Perspective: 'Special Ops' operate from the shadows
Every night in Iraq, American Special Operations forces carry out as many as a dozen raids aimed at terrorist leaders allied with Al Qaeda, other insurgent fighters and militia targets. Their after-action reports are the first thing that Gen. David H. Petraeus, the senior American commander in Baghdad, reads the next day.
The missions also are closely watched by senior policy makers in Washington, who differ on whether the small number of elite units should focus on capturing and killing leaders of the group that calls itself Al Qaeda in Mesopotamia and foreign fighters in Iraq, or whether the greater threat comes from the Sunni- and Shiite-based insurgency.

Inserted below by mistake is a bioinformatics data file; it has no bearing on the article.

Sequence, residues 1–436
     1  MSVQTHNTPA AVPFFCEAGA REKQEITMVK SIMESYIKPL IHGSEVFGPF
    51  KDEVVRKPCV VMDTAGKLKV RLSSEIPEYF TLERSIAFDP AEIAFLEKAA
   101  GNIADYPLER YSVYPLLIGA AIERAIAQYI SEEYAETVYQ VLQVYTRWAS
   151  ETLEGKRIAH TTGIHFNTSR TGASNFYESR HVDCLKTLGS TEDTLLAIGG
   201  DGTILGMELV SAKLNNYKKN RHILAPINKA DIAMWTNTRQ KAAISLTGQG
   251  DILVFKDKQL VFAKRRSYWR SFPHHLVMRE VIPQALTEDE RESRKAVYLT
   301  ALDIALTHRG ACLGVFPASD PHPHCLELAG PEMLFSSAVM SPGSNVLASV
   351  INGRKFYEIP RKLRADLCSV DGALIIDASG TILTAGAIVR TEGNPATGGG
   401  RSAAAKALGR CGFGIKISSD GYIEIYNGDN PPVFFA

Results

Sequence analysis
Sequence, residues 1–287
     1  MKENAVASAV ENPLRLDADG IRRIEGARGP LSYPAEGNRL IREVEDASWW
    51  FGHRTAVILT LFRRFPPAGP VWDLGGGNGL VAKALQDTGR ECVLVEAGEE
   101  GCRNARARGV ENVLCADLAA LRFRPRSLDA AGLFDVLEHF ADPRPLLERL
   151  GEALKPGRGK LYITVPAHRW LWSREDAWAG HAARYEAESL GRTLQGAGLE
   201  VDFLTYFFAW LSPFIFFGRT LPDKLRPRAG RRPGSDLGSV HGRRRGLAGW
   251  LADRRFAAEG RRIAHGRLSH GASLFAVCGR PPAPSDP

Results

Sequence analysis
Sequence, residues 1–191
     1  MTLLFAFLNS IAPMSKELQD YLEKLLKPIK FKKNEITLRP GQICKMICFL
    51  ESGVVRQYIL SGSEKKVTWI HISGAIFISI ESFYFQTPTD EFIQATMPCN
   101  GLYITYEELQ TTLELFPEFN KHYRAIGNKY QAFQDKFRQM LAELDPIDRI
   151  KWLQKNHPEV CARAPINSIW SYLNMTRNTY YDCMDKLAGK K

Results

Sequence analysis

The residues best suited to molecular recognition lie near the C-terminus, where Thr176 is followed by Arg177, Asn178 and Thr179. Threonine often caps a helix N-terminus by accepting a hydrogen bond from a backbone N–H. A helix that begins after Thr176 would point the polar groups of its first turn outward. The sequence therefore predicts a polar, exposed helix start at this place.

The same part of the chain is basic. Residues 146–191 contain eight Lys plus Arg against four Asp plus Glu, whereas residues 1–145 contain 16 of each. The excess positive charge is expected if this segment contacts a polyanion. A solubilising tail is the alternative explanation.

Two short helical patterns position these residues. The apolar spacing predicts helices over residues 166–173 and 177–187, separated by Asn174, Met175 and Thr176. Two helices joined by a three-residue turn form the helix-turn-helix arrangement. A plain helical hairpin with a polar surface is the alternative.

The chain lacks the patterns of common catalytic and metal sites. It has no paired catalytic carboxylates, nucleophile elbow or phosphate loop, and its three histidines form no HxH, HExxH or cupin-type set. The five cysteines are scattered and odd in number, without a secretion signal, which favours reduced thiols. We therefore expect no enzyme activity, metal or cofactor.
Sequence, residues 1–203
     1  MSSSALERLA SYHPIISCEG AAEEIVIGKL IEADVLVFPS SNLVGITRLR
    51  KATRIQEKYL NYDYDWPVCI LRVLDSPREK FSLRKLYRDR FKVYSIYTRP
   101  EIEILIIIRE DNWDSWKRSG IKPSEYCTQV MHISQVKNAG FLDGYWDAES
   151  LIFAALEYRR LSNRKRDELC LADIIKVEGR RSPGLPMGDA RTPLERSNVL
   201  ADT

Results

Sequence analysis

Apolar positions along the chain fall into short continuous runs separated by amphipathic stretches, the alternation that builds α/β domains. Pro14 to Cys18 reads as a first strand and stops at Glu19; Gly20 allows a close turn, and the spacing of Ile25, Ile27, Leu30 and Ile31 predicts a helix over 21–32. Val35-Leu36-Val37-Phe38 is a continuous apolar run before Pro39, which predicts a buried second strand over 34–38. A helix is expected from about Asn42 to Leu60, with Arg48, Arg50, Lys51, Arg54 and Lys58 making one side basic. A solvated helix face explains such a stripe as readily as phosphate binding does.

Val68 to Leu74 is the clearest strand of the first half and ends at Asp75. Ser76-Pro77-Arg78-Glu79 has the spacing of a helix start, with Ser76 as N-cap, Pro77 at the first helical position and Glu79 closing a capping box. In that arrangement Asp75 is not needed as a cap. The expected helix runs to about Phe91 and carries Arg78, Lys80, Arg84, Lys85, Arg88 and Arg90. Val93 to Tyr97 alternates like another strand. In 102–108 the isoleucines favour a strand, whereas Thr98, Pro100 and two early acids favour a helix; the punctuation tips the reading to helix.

In the shadows of the troop increase ordered by President Bush, Special Operations forces conduct between 6 and 12 missions every night across the country. A vast majority — between 80 percent and 90 percent — are aimed at Qaeda-allied targets, while the rest attack other extremist elements, say senior military officers in Baghdad and Pentagon officials.
“We are focused on those elements that are causing the most problems and going after a very specific target set,” said one officer in Iraq. “We are working very hard to go after the rogue elements or extremists of any flavor.”
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